Within seconds of splashing into the water as he fled police, Abraham Duarte knew he had made a mistake. Soon he was retching and pleading desperately for the help of the Cape Coral, Fla., officers he had been attempting to escape, figuring that even jail would be better than the slimy, toxic algae in which he was immersed. “Help me. Help me,” he cried. “I’m dying. I’m dying.”

Duarte had stopped his car on Beach Parkway East last week after he was pulled over for allegedly speeding by police in Cape Coral. According to police, Duarte, 22, made a run for it. Body camera footage showed the officers chasing Duarte on foot. Soon, Duarte found himself trapped in an area known for its crisscrossing canals.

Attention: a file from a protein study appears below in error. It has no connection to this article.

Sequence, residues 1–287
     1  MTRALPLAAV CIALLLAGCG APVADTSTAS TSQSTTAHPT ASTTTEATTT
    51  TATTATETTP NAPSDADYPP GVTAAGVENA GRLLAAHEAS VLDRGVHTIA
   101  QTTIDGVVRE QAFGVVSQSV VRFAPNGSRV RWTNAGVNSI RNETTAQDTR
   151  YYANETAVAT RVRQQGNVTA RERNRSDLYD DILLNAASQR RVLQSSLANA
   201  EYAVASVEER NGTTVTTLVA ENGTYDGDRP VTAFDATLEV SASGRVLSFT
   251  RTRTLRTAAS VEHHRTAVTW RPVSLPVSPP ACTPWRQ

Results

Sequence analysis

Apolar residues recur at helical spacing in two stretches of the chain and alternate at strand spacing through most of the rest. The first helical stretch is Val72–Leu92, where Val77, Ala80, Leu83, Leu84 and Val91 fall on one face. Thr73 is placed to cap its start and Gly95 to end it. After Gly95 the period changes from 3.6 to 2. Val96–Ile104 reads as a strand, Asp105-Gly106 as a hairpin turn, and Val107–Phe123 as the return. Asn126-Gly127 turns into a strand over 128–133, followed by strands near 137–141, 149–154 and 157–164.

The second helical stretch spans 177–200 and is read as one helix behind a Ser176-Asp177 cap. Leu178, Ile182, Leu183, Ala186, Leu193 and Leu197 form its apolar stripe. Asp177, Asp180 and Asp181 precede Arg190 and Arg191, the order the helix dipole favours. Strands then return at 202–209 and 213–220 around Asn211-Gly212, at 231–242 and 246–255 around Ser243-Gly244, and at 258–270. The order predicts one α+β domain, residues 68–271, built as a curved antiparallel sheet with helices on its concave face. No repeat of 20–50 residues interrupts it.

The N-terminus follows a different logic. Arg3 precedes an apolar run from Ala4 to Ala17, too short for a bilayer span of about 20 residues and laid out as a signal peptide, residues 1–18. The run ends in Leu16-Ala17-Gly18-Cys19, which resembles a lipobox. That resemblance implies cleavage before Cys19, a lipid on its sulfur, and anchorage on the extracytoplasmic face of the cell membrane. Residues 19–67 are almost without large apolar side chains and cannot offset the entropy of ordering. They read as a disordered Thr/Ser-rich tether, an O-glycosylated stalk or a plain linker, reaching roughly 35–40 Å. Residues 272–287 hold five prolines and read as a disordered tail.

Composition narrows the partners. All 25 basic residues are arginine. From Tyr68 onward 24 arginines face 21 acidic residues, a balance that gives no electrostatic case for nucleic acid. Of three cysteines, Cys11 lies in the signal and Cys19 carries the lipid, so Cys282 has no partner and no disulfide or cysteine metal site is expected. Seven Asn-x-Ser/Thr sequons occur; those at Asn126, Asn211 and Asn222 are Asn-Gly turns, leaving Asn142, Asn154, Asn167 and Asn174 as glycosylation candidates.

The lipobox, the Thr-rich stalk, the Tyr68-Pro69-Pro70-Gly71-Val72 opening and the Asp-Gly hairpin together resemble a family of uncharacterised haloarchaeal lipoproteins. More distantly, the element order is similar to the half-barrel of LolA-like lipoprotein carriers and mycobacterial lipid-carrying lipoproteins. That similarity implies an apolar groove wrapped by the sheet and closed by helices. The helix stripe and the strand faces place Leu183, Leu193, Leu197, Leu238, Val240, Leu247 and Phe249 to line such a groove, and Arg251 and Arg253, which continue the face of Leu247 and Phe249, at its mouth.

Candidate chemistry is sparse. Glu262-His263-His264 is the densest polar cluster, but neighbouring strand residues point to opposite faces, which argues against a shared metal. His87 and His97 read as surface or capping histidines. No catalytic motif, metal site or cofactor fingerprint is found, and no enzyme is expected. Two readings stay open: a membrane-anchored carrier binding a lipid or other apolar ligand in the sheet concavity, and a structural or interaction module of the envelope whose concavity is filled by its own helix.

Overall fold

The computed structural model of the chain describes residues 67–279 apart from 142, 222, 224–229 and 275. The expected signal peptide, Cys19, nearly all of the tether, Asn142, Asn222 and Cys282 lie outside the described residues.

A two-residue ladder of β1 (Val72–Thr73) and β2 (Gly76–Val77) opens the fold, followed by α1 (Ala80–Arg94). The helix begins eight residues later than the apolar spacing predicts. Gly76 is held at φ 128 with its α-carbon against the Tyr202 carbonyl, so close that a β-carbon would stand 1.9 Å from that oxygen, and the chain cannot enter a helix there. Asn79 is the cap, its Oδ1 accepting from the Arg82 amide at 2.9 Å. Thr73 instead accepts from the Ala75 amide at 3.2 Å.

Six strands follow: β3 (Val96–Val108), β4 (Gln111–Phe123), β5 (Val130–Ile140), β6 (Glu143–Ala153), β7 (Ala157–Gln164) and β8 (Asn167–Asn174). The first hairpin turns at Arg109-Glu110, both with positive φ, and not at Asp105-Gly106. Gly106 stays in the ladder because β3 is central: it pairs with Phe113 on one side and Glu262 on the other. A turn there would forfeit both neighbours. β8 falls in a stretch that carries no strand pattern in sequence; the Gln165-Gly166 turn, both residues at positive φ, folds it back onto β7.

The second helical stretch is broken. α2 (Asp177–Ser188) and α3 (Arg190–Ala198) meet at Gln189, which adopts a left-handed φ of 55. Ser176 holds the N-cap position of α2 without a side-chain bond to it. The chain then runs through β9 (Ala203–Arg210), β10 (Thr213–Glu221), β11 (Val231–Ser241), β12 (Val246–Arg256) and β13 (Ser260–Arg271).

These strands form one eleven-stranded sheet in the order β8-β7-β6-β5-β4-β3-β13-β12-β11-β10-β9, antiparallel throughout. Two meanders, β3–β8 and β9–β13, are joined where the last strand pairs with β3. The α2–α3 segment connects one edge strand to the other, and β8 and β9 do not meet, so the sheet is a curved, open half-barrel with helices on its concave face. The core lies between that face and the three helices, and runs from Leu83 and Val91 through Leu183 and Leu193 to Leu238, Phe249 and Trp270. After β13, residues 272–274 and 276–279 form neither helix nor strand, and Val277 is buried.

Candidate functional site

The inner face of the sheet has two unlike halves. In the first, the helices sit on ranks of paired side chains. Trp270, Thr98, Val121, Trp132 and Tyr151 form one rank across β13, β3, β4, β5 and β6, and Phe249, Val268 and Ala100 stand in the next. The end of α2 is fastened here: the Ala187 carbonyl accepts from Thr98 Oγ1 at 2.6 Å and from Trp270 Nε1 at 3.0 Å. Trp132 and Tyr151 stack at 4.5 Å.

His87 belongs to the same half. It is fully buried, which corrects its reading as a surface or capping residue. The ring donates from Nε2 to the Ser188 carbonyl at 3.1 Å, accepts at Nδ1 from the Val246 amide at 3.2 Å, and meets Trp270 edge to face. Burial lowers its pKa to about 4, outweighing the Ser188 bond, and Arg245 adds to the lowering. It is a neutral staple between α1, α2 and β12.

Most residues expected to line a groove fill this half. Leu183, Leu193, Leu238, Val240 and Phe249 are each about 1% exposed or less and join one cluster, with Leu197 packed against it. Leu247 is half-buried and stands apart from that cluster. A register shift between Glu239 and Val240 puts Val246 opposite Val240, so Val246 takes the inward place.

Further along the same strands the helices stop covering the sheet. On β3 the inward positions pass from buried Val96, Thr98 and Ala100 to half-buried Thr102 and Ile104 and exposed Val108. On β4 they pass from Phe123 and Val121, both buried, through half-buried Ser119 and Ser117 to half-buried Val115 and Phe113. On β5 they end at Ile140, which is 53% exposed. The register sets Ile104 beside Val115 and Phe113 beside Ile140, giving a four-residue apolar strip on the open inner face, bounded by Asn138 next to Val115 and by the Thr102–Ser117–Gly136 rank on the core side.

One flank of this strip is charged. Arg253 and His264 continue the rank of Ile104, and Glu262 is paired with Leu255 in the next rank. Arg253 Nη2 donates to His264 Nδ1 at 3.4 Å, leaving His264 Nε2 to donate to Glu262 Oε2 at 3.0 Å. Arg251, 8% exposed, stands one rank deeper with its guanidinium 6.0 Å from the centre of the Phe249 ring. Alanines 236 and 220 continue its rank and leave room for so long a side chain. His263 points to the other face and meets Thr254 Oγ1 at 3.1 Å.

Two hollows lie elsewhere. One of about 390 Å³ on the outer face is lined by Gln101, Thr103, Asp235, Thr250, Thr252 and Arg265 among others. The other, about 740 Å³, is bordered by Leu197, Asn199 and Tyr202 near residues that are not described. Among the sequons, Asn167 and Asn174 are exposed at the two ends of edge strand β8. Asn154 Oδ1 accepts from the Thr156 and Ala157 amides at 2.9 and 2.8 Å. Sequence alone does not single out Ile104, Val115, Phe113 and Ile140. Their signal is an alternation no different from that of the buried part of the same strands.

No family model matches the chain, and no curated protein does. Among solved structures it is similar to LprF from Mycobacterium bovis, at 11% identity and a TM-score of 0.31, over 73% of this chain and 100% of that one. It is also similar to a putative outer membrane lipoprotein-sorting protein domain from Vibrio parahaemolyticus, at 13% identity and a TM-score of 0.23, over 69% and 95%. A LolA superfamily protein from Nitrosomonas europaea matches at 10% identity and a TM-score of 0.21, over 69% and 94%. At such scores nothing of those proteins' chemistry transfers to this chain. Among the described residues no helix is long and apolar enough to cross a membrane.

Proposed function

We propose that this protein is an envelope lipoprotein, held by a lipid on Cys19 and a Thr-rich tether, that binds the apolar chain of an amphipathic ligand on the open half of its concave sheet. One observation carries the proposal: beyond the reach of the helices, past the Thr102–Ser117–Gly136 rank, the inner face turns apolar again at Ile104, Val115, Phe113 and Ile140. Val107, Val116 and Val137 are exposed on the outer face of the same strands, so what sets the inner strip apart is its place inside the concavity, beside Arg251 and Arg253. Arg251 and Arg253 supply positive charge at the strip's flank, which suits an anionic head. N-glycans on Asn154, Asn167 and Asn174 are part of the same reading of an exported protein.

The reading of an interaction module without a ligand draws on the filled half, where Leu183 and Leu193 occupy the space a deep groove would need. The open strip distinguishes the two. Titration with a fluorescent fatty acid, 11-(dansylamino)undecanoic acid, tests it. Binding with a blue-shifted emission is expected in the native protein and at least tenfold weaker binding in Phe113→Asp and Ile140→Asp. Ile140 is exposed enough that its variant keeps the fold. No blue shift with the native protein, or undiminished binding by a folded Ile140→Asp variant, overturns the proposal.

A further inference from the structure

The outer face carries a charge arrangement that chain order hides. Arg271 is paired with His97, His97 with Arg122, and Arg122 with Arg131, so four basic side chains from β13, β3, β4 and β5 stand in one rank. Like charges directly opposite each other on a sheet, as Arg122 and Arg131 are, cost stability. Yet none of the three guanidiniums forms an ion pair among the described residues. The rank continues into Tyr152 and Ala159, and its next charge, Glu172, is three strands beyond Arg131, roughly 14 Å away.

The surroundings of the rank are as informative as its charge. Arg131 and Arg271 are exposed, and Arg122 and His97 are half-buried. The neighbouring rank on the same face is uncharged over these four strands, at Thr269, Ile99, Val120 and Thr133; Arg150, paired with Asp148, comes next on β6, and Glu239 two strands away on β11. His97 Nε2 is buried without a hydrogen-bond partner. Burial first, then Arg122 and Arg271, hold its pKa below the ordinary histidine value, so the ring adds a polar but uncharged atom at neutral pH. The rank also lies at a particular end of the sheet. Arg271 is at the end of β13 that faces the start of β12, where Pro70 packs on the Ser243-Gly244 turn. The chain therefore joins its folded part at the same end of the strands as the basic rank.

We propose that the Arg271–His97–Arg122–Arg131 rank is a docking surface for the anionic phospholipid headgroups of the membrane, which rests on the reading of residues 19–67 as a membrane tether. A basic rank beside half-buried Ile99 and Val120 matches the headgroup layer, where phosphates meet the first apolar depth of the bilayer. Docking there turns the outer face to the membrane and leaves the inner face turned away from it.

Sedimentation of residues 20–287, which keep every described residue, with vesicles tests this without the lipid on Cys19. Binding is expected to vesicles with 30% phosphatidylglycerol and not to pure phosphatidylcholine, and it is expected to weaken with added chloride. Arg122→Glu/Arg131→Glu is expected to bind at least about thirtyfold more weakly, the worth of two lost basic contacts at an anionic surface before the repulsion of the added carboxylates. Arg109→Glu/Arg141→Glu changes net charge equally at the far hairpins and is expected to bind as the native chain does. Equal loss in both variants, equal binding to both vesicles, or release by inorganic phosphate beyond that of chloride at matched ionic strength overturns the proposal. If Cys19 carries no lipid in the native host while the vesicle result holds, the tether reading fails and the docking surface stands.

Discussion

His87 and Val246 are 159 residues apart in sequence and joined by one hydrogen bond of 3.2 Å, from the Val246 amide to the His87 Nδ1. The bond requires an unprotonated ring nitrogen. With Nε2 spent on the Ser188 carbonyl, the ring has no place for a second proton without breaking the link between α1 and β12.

Rather than be arrested, Duarte, who lives in northern Florida, plunged into a canal and attempted to swim away.

Duarte told The Washington Post that when he jumped in the polluted canal, he wasn’t thinking about how the state has been beset by a historic and disgusting algae bloom that was dirtying up the waterways. The blue-green algae isn’t only smelly — lifeguards and those who live close to water have taken to wearing masks to shield themselves from the stink — it’s also toxic. Scores of fish and other wildlife have been killed by the algae and people can be sickened if they breathe it in.

Unfortunately for Duarte, he went a step further and took in several gulps. Duarte said that he had heard about the algae, but he wasn’t thinking clearly when he dove into the water.

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